|Our News Archive also includes a short history of how Wildlife Windows came into existence|
2015 has been our busiest year to date. We have installed wildlife cameras on a tower constructed specially for Peregrines at Battersea Power Station, at a Red Kite feeding station, several tern nesting rafts and a host of other bird nesting and bat roosting locations. Most of these have also required viewing systems. We have built artificial badger setts with provision for cameras,
Normally at this time of year we would be able to take a bit of time to catch-up on various 'house-keeping', and as updating our website, but this year we are still very busy with installations. We also have a lot of new projects in planning, which takes a surprising amount of time, but is critical to successful installations.
Technology moves on ever faster and we have to work out how to implement new camera types as soon as they get to the stage that they suitable for wildlife applications. Typically, CCTV security installations don't face the same constraints as we do (most of the equipment we use is designed for this market). For example, most security cameras are on buildings where mains electricity is available. In contrast, our cameras can be 1 km or more from the nearest mains supply, which is a major challenge that most security installers would struggle to overcome without increasing costs enormously by laying underground mains cables.
The most important technological advance in recent years is the gradual move from analogue to digital. In the CCTV industry this is represented by 'IP Cameras', which connect directly to computer networks and offer much high resolution images than conventional analogue cameras. These have been around for a while, but have only recently reached the point (e.g. price, size, form and performance) where they are suitable for wildlife watching. There are still bandwidth bottlenecks for live video on-line, but gradually as infrastructure improvements take place, the live pictures that nature enthusiasts are able to watch at a visitor centre or at home become ever more vibrant and realistic.
As our list of wildlife camera installations grows ever longer, we are very proud to have been involved in helping to bring people closer to wildlife, and honoured to be working at some exciting and prestigious wildlife sites. This year our list included the swift colony in Oxford where David Lack began his famous study of swifts way back in 1948. We also worked in some lovely old buildings (such as cathedral spires in Exeter and Salisbury). Yet still our favourite wildlife places are those with lots of trees or estuarine mud!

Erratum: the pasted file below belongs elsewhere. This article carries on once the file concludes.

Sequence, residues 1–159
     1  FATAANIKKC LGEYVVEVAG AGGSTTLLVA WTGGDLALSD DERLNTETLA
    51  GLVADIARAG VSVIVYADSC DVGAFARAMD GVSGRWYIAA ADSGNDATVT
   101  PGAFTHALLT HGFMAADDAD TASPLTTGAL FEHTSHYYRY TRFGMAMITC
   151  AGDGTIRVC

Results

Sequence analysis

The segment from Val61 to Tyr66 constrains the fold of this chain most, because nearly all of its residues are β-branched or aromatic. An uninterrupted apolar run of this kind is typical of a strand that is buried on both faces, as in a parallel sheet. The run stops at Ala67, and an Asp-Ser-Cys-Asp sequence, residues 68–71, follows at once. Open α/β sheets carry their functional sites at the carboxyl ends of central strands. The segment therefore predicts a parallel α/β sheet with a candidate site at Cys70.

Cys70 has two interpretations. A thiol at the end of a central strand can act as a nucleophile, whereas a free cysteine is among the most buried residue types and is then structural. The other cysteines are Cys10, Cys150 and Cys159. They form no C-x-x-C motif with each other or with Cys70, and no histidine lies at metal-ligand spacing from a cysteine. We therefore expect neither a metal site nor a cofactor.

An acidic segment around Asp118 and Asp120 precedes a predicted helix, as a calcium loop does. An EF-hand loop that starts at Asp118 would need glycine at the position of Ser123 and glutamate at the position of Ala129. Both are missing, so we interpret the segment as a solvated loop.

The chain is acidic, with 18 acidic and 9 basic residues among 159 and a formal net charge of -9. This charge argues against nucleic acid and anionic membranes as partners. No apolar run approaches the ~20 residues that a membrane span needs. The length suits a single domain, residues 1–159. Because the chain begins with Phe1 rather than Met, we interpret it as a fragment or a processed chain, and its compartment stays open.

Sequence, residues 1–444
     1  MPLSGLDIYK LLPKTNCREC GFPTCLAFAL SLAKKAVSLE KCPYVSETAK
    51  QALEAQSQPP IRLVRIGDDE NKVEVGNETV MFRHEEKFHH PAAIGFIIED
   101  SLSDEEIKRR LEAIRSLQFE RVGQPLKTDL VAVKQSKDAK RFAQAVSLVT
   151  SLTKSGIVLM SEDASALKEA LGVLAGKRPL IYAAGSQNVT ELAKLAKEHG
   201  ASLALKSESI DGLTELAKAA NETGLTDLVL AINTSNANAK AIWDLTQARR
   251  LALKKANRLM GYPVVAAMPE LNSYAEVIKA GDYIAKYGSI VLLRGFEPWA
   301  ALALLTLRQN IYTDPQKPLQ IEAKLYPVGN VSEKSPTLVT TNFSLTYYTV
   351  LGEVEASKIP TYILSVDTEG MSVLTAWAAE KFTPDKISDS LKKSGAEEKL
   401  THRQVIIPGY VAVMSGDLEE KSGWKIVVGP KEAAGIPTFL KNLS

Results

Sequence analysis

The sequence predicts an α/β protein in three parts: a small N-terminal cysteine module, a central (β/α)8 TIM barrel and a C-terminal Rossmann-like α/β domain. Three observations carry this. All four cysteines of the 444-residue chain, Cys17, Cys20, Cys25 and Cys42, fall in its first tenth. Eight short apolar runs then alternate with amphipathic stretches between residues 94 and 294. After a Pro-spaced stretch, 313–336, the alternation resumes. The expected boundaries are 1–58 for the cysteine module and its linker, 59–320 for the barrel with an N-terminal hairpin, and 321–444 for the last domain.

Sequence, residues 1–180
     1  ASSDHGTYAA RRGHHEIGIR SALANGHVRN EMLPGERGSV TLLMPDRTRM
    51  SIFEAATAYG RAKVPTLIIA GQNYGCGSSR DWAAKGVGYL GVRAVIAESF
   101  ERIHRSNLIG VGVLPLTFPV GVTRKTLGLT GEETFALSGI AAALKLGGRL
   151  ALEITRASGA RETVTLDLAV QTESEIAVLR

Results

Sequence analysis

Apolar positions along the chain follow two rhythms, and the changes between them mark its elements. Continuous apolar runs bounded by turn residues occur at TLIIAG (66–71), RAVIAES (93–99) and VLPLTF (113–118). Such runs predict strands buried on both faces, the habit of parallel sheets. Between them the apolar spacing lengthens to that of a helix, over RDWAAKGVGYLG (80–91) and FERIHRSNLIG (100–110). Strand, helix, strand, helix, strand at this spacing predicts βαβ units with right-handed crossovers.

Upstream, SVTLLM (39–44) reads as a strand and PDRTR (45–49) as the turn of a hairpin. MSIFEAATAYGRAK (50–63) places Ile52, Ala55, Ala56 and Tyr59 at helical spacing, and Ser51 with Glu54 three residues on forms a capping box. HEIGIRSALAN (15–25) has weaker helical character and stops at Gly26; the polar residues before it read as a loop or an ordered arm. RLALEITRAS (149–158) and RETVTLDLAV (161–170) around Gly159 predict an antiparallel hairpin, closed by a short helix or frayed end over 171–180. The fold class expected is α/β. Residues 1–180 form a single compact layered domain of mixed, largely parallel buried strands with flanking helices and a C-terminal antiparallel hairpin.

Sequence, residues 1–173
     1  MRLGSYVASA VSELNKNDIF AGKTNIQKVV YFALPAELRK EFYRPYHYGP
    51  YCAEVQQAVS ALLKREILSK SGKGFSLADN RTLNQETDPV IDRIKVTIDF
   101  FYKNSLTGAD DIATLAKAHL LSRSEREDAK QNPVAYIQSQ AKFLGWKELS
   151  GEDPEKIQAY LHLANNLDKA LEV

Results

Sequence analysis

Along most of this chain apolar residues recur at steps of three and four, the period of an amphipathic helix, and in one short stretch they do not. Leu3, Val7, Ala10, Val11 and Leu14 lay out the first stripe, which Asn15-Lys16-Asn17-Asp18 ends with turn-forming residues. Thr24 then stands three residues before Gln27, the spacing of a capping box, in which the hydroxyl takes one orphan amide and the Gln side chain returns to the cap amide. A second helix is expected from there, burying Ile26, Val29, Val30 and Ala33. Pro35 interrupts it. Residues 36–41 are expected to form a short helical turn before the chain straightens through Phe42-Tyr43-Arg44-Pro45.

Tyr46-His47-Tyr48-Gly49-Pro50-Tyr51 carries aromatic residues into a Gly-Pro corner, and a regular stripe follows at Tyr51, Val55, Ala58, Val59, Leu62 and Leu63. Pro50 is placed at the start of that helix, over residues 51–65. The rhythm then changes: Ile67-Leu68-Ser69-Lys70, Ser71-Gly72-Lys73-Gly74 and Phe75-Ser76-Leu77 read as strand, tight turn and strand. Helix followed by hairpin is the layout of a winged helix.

We have installed an extensive wildllife camera system in the new visitor centre at Hengistbury Head, which opened recently after major refurbishment of an old thatched barn. There are two screens, one of which will show live images from a variety of cameras, such as blue/great tit next box or peanut feeder. The other screen is a touch-screen connected to a PTZ camera overlooking the lagoon at the end of the track near the beach. Visitors will be able to operate this camera themselves via the touchscreen. There are also two cameras looking onto heron nests in the wood. These are particularly exciting, as nesting herons are great birds to watch live.
Brownsea webcam turned up what might be a world-first for any webcam earlier this month when it was used to help identify a Semi-palmated Sandpiper. This is a very rare vagrant from North America. It was held on the webcam for over an hour on 3rd September, creating possibly the first ever on-line twitch! See BoPH sightings list for details.
The Brownsea Lagoon webcam is a Birds of Poole Harbour project in collaboration with Dorset Wildlife Trust and National Trust, with help from The Sandbanks Hotel. This webcam is most remarkable for its sound, which at this time of year (spring), is dominated by raucous black-headed gulls squabbling over nesting space. During quieter times you will be able to hear more evocative sounds of Poole Harbour, such as the calls of waders.
Our favourite activities this month included two new peregrine cameras on tall buildings in Sheffield and Exeter, and two new herony cameras in Dorset and west Wales. Jason is never happier than when he's dangling on a rope somewhere very high! Preparations for the breeding season are well underway, which means we have a huge amount of work to do over the next month or two.